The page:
History of Freytag’s Pyramid (or the Five-Act Story Structure)
Gustav Freytag was a nineteenth-century German novelist who saw common patterns in the plots of stories and novels. He developed a diagram based on the work of the Greek philosopher Aristotle.
In Aristotle’s book Poetics, he wrote that the unified structure of a drama was formed like a basic triangle. The low left point of the triangle was the protasis (introduction), the middle high point of the triangle was the epitasis (crisis), and the low right point of the triangle was the catastrophe (resolution of conflict).
Freytag took Aristotle’s triangle, transformed it into a pyramid, and added two more levels at the left and right mid-points of the triangle. The result was Freytag’s pyramid or the Five-Act Story Structure. According to Freytag, the plot of a story or novel was divided into five parts or acts: Act 1: Exposition (or introduction), Act 2: Rising Action (or complication), Act 3: Climax (or turning point), Act 4: Falling Action, and Act 5: Denouement (or resolution).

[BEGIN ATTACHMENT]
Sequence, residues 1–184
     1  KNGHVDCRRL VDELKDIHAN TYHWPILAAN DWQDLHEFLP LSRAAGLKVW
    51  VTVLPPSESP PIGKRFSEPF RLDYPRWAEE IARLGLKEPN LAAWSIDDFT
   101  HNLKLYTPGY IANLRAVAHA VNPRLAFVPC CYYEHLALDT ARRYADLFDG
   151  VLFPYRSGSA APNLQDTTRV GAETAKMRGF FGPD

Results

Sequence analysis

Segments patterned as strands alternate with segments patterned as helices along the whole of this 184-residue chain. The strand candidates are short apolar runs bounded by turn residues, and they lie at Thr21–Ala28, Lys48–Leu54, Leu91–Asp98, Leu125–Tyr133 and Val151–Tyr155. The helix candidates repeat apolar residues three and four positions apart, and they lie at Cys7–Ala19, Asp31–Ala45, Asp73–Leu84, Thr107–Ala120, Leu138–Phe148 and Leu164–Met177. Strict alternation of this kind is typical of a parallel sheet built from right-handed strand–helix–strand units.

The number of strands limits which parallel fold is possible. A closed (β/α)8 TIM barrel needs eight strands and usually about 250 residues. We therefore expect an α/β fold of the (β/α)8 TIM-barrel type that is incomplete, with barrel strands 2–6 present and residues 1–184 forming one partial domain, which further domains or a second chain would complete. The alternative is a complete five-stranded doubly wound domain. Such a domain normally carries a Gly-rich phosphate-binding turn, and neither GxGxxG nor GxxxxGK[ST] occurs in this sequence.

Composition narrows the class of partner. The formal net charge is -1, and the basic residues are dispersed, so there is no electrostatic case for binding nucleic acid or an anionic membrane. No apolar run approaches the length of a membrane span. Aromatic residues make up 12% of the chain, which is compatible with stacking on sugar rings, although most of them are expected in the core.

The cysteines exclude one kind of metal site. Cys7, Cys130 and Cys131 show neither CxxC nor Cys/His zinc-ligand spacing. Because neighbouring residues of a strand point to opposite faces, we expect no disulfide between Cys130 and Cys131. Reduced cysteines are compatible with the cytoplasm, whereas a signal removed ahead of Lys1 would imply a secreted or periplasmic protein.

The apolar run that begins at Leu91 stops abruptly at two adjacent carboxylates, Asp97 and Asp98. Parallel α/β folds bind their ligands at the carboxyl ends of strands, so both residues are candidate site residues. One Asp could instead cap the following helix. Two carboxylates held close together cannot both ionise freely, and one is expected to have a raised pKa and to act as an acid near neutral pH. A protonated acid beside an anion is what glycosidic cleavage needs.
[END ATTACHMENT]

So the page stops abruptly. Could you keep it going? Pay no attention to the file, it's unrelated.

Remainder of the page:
Why Writers Use the Five-Act Story Structure
The original intention of Freytag’s Pyramid or the Five-Act Story Structure might have been to analyze previously written works, but writers have found it a helpful method to conceptualize the dramatic points in stories. This is only one of many story structures, but using this story structure (or another) provides a better chance of providing reader satisfaction.
If a story is looked at in percentages, Act 1 will be 25% of the story, Acts 2-4 will be 50% of the story, and Act 5 will be 25% of the story.
To write using the Five-Act Story Structure, a writer must be able to identify three things:
- The inciting incident: must strongly affect the protagonist and leave him/her no choice but to resolve the incident
- Conflict(s) faced by the protagonist: can be internal, external or both and will drive the narrative
- Resolution of inciting incident: protagonist must overcome conflict(s) and be left permanently changed